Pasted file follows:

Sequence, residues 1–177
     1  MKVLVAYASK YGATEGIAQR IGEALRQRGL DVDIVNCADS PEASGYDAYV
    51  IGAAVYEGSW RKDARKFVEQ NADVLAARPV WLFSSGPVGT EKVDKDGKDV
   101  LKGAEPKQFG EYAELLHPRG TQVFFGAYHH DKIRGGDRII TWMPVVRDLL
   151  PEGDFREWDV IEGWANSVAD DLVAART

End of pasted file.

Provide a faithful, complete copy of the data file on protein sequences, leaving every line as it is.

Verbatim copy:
Sequence, residues 1–177
     1  MKVLVAYASK YGATEGIAQR IGEALRQRGL DVDIVNCADS PEASGYDAYV
    51  IGAAVYEGSW RKDARKFVEQ NADVLAARPV WLFSSGPVGT EKVDKDGKDV
   101  LKGAEPKQFG EYAELLHPRG TQVFFGAYHH DKIRGGDRII TWMPVVRDLL
   151  PEGDFREWDV IEGWANSVAD DLVAART